Lone Wolf and Cub – Baby Cart in Peril (AKA – 子連れ狼 親の心子の心 Kozure Ōkami: Oya no kokoro ko no kokoro, Shogun Assassin 3: Slashing Blades of Carnage): Ito’s latest contract is to assassinate a killer of many samurai, but to his surprise it’s a lady with outstanding short-blade skills, and in a similar situation to himself… Oyuki presents a very strong female lead, something that the previous movies have had – but not taken this seriously. The very first frame is a tattooed boob, so it starts off great! But soon after there’s a bit of silly magic (face mask magic guy), some sizable flashback sections, and a lot more talking than previous installments. However, as good as the story and premise are, the Babycart films are never better than their action set-pieces: with Wakayama hacking, slashing, and literally flying around the frame – he can’t half move around for a big bloke. The now customary ‘final battle’ with dozens of enemies and a few ‘bosses’ is also great, and for the first time we see him properly injured/vulnerable too. More than anything, the film is a little confused about who the baddie is: the girl? Her nemesis? Itto’s old foe? The big hairy guy? By the fourth movie it does feel a bit like more-of-the-same but the film still pushes the boundaries, and does well to set up the one-armed swordsman myth.
Lone Wolf and Cub: Baby Cart to Hades Review
Lone Wolf and Cub: Baby Cart at the River Styx Review
Lone Wolf and Cub: Sword of Vengeance Review
Yuuuuuup – that’s someone’s head that’s just been sliced in half!
Lone Wolf and Cub #2 – Babycart at the River Styx (AKA: 子連れ狼 三途の川の乳母車 and Kozure Ōkami: Sanzu no kawa no ubaguruma) – a disgraced executioner lives on the road with his son as a mercenary, avoiding about five assassination attempts per day. While it feels like more of the same, this film expands on much of the first outing – pushing the larger story forward, upping the action, and having even more stylish and poignant moments – like a slashed-up guy appreciating the sound of blood flying out from his neck. Shots like the sword dripping blood whilst tearing down a fusuma wall, and frozen bodies synchronously hitting the deck – are just fantastic to watch, pure cinema escapism, soaked in cool – it feels decades ahead of its time. Tomisaburo Wakayama further expands his role as the dangerous, effortless, perfectly timed slayer of baddies. This also pushed the boat out by having a crew of super-dangerous female ninjas – which isn’t seen too often in the genre. Simplified, it’s essentially about a guy that walks down a road, mows down some killers (baby sometimes mucks in) then carries on walking down the path – yet this film gets away with it because it’s got so many layers. The biggest disappointment is that all of the scenes filmed at night (around 60% of the film) are terrible and you can’t make out a thing for the most part. This film’s great, and I’d love to give it a 7 or 8 out-of-10, but because such a large chunk of it is just a black frame with something moving around in it, it’s often frustrating to watch.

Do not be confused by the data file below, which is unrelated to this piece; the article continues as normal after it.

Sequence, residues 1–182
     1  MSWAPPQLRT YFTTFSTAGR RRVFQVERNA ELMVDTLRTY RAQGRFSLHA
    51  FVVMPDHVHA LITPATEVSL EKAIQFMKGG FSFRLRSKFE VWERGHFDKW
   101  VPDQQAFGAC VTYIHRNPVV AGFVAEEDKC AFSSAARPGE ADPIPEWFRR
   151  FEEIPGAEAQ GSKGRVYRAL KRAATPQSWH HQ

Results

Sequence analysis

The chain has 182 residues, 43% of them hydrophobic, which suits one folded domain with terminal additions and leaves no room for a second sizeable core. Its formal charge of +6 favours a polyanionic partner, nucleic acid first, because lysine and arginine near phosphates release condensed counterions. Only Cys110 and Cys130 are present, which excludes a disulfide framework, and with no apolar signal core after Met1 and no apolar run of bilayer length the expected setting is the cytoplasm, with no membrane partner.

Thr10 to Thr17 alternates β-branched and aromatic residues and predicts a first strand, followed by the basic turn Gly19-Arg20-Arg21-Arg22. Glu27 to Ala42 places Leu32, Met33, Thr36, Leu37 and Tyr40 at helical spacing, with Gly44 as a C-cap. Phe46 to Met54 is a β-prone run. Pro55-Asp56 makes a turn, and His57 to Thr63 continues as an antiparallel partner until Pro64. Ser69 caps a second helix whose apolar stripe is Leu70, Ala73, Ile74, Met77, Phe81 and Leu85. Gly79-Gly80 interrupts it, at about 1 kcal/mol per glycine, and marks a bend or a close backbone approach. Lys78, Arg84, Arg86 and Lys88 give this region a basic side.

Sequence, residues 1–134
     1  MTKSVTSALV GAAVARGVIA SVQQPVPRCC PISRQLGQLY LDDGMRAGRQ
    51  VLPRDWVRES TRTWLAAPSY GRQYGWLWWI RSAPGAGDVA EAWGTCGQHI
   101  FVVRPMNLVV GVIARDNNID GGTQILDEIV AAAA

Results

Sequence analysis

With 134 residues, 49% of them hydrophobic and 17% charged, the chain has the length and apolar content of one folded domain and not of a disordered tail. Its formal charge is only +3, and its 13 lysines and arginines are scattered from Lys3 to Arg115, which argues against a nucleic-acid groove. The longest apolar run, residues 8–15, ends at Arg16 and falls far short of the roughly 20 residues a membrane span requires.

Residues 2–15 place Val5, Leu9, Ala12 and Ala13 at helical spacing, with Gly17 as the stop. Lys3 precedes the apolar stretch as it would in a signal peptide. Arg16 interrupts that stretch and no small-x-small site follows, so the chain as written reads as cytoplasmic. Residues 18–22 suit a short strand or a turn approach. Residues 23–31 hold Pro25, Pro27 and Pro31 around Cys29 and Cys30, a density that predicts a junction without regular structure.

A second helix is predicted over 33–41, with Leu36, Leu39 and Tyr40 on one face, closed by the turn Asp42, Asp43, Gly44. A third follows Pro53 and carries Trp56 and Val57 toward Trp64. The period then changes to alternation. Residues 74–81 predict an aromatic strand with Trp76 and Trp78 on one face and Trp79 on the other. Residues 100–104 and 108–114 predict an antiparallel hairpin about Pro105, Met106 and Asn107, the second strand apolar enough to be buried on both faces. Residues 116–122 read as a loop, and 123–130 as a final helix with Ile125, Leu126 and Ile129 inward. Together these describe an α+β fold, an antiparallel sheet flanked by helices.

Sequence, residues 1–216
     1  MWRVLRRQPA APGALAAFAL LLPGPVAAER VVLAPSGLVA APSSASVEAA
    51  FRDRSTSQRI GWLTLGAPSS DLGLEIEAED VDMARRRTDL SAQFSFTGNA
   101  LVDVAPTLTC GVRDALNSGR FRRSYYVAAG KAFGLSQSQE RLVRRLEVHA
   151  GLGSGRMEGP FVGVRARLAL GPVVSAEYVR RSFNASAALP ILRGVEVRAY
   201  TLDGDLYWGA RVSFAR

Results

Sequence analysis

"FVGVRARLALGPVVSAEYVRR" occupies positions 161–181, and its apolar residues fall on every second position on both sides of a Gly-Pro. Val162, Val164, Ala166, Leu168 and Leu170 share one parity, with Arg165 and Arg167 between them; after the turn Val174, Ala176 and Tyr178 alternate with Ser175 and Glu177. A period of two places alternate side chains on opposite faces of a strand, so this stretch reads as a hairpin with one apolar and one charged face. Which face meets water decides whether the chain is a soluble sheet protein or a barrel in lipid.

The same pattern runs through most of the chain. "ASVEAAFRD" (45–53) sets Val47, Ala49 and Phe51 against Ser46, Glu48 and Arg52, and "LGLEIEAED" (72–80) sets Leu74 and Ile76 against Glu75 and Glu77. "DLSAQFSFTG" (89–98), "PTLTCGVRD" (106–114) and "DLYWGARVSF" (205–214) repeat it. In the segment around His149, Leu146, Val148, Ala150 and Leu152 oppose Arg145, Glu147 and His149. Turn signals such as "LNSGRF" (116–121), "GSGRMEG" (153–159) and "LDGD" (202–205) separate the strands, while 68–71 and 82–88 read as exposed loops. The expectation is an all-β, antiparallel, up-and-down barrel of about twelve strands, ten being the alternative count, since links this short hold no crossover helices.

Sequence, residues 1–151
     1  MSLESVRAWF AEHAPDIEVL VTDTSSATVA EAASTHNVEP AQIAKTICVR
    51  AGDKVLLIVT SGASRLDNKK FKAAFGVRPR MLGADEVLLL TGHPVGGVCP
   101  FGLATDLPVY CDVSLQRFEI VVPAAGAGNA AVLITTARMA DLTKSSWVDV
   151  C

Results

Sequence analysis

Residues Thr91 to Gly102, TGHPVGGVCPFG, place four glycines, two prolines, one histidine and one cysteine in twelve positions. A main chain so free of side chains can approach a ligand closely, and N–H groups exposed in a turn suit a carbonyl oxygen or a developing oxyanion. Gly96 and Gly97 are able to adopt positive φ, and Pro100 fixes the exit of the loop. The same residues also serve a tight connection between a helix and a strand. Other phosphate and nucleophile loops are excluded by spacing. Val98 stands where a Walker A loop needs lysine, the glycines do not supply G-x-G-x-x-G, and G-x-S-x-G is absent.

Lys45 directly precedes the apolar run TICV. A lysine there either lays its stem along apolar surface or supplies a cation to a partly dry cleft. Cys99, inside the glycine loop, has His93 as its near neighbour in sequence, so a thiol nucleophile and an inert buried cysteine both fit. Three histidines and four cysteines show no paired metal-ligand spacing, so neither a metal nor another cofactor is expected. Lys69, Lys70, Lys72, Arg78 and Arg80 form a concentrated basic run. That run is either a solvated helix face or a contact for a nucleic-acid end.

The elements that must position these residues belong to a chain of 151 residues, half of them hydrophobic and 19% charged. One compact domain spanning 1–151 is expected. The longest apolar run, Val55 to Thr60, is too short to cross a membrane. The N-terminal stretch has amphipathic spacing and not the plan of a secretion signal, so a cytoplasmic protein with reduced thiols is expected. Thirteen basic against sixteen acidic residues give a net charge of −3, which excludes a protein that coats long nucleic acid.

Lone Wolf and Cub #1 – Sword of Vengeance (子連れ狼 子を貸し腕貸しつかまつる, or Kozure Ōkami: Kowokashi udekashi tsukamatsuru): when his wife is killed by ninjas and he is betrayed by a rival clan, the Shogun’s lead executioner becomes an assassin for hire, wondering the country with his infant son. The film opens with the lead character beheading a child… which lets you know exactly what to expect from the film, and what the lead, Itto Ogami is capable of. Despite this, being played so well by Tomisaburo Wakayama means that you still relate to, and feel for the character and his situation, as he transforms from obedient executioner, to a masterless badass – even if he’s out-of-shape. He is another one of Japan’s surprisingly complex – well acted – anti-heroes. The action scenes are second to none; heads literally roll across the screen, limbs fall to the ground, jets of blood spray everywhere – it’s completely over the top, yet so ridiculously stylish and meticulously planed; it was the first of the more extreme, exploitative Chambara movies. There’s also surprisingly good period detail for an out-and-out exploitation movie; the weirdest part however is that there’s a strangely high volume of scenes involving suckling on teats (OK, only two, but that’s still two more than most films). Sword of Vengeance is over 40 years old now, but it’s crammed full of everything that most modern exploitation films can’t even do right – the main difference is that it’s filmed by an absolute auteur – the film looks like art at times, which is a testament to the story’s manga roots.
NOTE: Some people will be familiar with this from the Shogun Assassin movie – which takes the bloodiest bits from the first two Lone Wolf and Cub films and mashes them together to create an even bloodier samurai slasher film aimed at Western audiences. That banned VIPCO vault of horror DVD was my first exposure to the series, and god was it brilliant.